Using a mixed-media medium, 'Burning Angel' explores the paranormal, pseudo-science and the multiverse theory.
“The inspiration for 'Burning Angel' comes from a variety of a moments in time. I have always been interested in abstract ideas and just finding a way to place all these interesting facts and just regenerative ideas of a utopian society or the possibilities about where we are going at this time in our technological age where it seems like promise or where we are headed is more than we know, it is just inspiring to me just to let the imagination run wild.”
Written by Sage Godrei, and directed by Nathan Wilson, 'Burning Angel' is a piece of absurdest theatre that has been produced for the Sydney section of the Anywhere Festival. A multi-media show about two couples whose lives become intertwined in an entanglement that is beyond one single temporal domain. 'Burning Angel' includes 3D fractal animations created by self-taught and decorated artist Len Hurley which will add another dimension to the performance. Sage explains that when she first met Hurley at an art exhibition in June 2014 she decided she would have to use his art in her show.
It is always good to hear a person is proud of their own work, as Sage is: “I am really keen to see what people's reactions will be, because I am managing to pull it off and I think it does not seem tacky – which is the risk you take when doing a pop up show, and saying it is sci-fi.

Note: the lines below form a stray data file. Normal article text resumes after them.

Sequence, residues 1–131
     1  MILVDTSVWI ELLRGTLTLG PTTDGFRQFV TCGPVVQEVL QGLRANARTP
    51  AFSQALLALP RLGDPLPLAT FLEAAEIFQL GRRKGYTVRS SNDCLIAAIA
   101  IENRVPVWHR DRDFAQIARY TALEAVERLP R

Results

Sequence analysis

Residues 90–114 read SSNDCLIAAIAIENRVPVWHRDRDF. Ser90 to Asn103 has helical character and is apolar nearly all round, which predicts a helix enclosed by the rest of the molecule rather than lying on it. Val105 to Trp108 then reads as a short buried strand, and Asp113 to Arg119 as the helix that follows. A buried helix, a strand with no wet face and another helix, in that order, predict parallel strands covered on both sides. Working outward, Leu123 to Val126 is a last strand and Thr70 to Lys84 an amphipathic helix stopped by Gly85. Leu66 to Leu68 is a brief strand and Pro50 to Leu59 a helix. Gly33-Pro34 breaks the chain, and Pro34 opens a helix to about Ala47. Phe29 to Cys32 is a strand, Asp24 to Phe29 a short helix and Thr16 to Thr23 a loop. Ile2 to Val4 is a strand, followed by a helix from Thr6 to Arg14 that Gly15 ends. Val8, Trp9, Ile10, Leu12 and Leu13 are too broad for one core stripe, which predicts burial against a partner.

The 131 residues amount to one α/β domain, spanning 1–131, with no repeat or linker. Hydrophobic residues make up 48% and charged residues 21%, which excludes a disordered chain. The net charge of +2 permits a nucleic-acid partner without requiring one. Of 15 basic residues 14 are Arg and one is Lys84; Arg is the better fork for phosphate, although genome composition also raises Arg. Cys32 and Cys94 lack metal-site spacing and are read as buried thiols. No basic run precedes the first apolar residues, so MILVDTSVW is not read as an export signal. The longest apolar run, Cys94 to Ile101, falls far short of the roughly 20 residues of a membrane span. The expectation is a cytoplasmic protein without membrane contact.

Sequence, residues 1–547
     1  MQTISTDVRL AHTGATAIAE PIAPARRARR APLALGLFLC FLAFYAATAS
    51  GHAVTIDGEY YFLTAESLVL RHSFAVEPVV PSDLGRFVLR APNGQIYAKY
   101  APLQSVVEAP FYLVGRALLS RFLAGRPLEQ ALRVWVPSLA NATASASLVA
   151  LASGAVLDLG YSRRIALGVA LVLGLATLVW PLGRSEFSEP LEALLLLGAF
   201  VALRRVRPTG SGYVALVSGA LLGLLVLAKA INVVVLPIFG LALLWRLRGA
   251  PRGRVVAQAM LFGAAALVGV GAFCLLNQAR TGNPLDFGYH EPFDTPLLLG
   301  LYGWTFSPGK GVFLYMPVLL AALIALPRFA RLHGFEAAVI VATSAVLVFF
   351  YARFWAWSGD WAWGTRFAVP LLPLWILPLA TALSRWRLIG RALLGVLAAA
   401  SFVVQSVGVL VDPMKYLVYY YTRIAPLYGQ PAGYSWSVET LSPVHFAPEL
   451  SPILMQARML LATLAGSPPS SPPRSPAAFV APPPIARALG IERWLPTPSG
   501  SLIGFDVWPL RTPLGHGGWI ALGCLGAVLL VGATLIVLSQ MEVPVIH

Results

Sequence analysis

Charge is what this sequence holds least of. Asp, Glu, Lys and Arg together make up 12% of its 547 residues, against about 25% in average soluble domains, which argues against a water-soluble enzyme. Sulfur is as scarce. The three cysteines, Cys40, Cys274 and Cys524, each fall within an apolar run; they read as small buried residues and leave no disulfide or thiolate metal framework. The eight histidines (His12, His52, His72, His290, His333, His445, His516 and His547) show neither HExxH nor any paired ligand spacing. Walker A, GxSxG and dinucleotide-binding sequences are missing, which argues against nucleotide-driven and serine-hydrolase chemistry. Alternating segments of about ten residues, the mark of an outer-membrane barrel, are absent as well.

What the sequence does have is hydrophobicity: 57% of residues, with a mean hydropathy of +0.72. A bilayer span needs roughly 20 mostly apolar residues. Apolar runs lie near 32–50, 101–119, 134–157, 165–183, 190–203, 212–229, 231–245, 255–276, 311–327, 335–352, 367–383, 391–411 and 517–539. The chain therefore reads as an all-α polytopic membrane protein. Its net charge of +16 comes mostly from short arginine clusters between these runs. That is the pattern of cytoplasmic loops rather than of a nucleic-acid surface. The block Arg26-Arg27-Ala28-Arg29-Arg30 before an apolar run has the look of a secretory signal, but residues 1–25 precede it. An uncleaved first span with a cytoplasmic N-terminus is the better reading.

“I really enjoyed creating the characters,” Sage makes note of how people have connected with the characters in 'Burning Angel': “Making a show like this just shows that we are not alone. And if you feel alone that you should just reach out because there is always someone out there you can connect with.”
The aim of the Anywhere Festival is to bring performances out of theatres and into more accessible art spaces. Founded in Brisbane, by Paul Osuch and Alex McTavish, Anywhere Festival quickly spread across Australia to Mackay, Parramatta and Frankston. Their belief was that it should be easier and cheaper for performers and producers to share their stories: “story telling began as something we did around camp fires and over time it has been ghettoed inside traditional theatre venues and the structures that go with them,” says Paul. Sage cites that she see this as a “very positive initiative.” Anywhere Festival aims to create opportunities for collaboration, removing the fiscal and creative barriers that currently exist for many performers wanting to show their works to audiences.
'Burning Angel' will be held at Shh Centre Hybrid 4 Arts. “I am really excited about working in an alternative art space in Parramatta,” says Sage, of the six-month-old performing arts centre. “It is just building up a clientele now, people are excited and interested. And it feels great to come in at this early stage of its development and help to make it grow.”
When asked what other performances Sage is hoping to see as part of Festival, she recommends 'Mehow Magic' – “a magic show and Mehow's interruption of art and his view point is very interesting. I think I would gain a lot from doing his work.” She also is interested to see the free ten-minute ballet performance called 'It Takes Two', an improvised duet based of traditional ballet.
'Burning Angel' plays at Shh Centre Hybrid 4 Arts, Parramatta 8-14 May.